Revolutionary Voices: If You Have This Book in Your Library, DON'T Weed It! Here's why:

The banning of any book hurts. The banning of Revolutionary Voices: A Multicultural Queer Youth Anthology (ed. Amy Sonnie, Alyson Books 2000)--recently pulled from the Burlington County Library System in New Jersey--will hurt many.

Ten years old, the book remains, sadly, as revolutionary as it was when I reviewed it for School Library Journal upon its publication. That year, I nominated it for SLJ's Best Adult Books for Young Adults list (it made the list, as did the other book I nominated, Naomi Klein's No Logo).

If you aren't familiar with the story of how the book got pulled, though no formal challenge had been lodged, and how it relates to Glenn Beck, please click here for the story at Amy Sonnie's blog, Banned Librarian, and here for the updated story in SLJ . I don't want to summarize it here--though I will reproduce a quick quote:

"[I]n a May 3 email, [Library Director Gail] Sweet told staffers that they needed to 'pull' Revolutionary Voices from library shelves. 'How can we grab the books so they never, ever get back into ccirculation (sic),' Sweet wrote to BCLS staffers. 'Copies need to totally disappear (as in not a good idea to send copies to the book sale).'"

Totally disappear. When library books don't go to the book sale, they get a) put in the recycling bin, if the library is responsible or b) put in the trash. Note: Sweet also referred to the book as "child pornography." Of its 54 contributors, only 11 are under 18 (most are in their early 20s), and of these 11, only 2 mention sex at all (and this in ways totally in keeping with YA novels*, etc). Very few of the pieces mention sex, period.

The banning of any book hurts, but Revolutionary Voices is out of print. Copies remain in only 400 libraries, according to WorldCat. And there's nothing else like it out there. 54 youth contributed stories, poems, artwork, and zine pages to the book. Most also contributed pictures of themselves, along with short bios. Here's a sampling of sentences from the bios:

"I am a 23-yr-old mixed-race queer poet of Vietnamese/Scottish/Swedish descent"

"I am a 20-yr-old Igbo woman from Nigeria…I am trying to find my voice as a Black queer woman living in the United States. Our society tries to speak for us young folks, and it's about time we find and use our own voices"

"I am a triracial, First Nation, Two-Spirit Fairy Trans Faggot activist"

"a 17-yr-old queer Latina living between homes in New Jersey and California"

"I am a poet and queer youth activist about to enter tenth grade"

"I am a 19-yr-old Chinese-American, born in Hong Kong and raised in San Francisco"

"i am 23 years old and active not only in the arab community but also in ethnic/feminist/queer communities"

"I am a gay biracial (Japanese and white), Nissei, male, genderqueer"

"I am a 21-yr-old queer boi of mixed heritage (human-melting-pot-style) and intersexed physicality"

Now: it is hard enough for queer youth to find books about white queer youth, and books about white queer youth that talk about more than just coming out. This book is full of the work of young queer writers of color (it does include white queers, too). It has pictures of the young queer writers of color. And it's about a lot more than being queer and coming out.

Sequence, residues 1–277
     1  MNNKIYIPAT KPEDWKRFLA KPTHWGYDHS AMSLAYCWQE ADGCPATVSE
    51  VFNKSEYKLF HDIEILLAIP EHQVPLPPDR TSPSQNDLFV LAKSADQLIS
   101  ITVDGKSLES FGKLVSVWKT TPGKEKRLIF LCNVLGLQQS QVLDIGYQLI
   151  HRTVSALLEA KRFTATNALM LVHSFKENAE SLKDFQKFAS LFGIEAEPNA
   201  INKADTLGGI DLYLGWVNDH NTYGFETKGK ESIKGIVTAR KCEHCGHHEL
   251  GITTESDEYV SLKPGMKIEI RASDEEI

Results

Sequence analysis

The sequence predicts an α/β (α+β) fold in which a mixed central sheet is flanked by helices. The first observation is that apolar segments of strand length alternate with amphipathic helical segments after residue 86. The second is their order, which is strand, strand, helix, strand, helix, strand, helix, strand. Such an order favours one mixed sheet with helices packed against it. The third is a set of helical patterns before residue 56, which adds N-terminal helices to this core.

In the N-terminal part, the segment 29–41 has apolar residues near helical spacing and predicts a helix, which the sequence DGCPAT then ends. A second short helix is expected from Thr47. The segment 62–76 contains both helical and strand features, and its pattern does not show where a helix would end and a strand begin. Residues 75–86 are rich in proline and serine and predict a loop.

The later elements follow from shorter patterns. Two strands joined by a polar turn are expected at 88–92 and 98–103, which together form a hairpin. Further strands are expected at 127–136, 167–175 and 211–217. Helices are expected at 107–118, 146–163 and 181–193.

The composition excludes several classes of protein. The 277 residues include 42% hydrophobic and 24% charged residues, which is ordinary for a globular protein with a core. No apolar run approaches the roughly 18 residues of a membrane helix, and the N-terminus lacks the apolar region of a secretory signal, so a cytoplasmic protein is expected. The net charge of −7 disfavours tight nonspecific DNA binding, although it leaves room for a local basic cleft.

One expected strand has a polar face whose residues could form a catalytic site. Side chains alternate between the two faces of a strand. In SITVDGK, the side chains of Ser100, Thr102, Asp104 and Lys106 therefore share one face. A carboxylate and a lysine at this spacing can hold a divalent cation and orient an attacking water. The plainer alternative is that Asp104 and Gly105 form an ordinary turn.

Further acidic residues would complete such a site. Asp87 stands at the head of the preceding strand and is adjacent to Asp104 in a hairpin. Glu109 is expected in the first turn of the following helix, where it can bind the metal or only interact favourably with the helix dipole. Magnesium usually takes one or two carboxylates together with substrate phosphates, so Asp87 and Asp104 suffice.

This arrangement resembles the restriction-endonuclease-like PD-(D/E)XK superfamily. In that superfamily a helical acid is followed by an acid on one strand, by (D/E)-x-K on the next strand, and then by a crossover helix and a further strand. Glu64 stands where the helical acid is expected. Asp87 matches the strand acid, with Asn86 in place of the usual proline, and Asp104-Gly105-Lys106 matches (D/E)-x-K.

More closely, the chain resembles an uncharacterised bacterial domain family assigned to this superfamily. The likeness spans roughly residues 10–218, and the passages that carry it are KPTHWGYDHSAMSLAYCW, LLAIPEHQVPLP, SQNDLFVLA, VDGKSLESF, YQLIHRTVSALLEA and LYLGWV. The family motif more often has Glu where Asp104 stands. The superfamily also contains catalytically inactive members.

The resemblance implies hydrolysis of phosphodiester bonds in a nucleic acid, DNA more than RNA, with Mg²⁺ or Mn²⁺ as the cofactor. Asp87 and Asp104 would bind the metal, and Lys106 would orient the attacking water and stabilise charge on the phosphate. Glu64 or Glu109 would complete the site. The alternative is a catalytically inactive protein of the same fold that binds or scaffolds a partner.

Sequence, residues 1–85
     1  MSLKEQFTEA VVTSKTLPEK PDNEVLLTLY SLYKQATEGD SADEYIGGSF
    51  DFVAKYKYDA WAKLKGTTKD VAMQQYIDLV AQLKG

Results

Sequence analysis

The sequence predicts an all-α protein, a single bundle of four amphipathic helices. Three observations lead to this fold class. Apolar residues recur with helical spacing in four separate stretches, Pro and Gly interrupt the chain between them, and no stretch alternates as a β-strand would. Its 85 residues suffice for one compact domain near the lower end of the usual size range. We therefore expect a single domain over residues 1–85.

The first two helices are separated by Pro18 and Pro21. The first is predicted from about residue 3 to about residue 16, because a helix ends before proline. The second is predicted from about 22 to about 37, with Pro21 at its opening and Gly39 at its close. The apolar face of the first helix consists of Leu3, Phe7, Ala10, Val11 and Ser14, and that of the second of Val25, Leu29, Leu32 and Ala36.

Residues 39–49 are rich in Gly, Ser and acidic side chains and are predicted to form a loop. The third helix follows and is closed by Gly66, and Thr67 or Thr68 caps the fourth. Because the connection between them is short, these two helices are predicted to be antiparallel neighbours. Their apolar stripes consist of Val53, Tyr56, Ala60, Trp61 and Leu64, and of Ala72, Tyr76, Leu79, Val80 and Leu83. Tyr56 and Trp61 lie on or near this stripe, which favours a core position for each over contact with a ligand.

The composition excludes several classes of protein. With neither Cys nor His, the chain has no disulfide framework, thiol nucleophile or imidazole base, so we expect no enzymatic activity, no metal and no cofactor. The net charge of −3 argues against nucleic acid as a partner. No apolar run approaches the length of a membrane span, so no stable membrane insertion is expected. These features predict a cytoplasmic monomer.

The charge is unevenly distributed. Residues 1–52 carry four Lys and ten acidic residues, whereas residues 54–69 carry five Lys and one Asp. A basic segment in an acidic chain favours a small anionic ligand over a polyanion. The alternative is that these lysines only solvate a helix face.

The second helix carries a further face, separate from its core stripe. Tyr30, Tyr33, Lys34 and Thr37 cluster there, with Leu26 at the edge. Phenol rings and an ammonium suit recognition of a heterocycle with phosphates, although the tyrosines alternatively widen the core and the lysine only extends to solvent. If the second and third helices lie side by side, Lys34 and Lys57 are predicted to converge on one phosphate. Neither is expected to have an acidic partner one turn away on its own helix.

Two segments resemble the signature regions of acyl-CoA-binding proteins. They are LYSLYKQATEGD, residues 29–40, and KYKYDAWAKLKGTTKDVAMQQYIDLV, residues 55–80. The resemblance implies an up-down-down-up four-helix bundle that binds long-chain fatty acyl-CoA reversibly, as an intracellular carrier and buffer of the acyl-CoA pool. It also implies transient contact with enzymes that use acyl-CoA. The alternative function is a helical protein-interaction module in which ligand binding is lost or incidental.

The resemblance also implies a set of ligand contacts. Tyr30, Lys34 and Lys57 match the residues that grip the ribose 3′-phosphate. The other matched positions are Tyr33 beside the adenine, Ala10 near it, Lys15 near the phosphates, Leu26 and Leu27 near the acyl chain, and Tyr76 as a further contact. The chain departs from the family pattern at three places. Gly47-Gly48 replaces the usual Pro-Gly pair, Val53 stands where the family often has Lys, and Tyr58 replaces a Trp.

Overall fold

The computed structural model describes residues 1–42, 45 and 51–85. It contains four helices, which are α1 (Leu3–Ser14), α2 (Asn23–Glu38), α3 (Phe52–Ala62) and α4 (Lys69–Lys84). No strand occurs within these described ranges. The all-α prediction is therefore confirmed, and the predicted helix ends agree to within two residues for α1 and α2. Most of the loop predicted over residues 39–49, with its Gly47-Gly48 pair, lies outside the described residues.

Here's a paragraph from the Introduction:

"What's so revolutionary about these voices? The young writers in this collection, like so many revolutionary thinkers of the past and present, are moving toward a radical consciousness by questioning heteronormativity and positioning themselves as young and queer in a world that tells us queerness and teen sexuality are discrepant. We think critically about regimes of gender, race, class, ability, and age. We see that we live under a system of heterosexism, white supremacy, misogyny, and capitalism--where homophobia is wielded as a weapon of sexism; where most of us are taught a Eurocentric version of history in school; where young people, especially young people of color and poor people, are being tracked into prisons. This is a system that justifies spending more money on the military than on education and health care combined; a system where foreign business interests control peoples and nations of color and the United States bombs and sanctions whoever it pleases. This system makes possible a society that packages queer identities with rainbow ribbons and sells them to the highest bidder. A society in which Pride has been commodified… Unlearning mainstream society's teachings is a difficult process requiring visible alternatives and open dialogue. This collection is our attempt at opening this dialogue. We share our work to counter our own invisibility, to become allies to one another, and to demonstrate that we believe in ourselves enough to take up a pen, paintbrush, or a camera in our own defense."

This book should be in print**; this book should be in libraries; this book should be in readers' hands. If you own it at your library--we are lucky here; our library system owns 2 copies--please don't weed it, ever. It's ten years old, yes. But it reads like now, and tomorrow, and probably many tomorrows after that.

*as commenter "Josh" wrote in the comments section of the SLJ article: "No one is removing books marketed toward preteen girls in which 150 year old men eating the placenta out of their new wife so that the baby that is devouring her from the inside can be freed. Nope, they are simply further marginalizing an already shaky and oft oppressed teen demographic.

**I've contacted the editor to see if she's interested in trying to get it back into print, or creating an ebook version


Library Day in the Life

The Library Day in the Life project is positively infectious. In its first go-round, in July 2008, Jan participated. I want to participate this year, in a meandering kind of way, so here goes: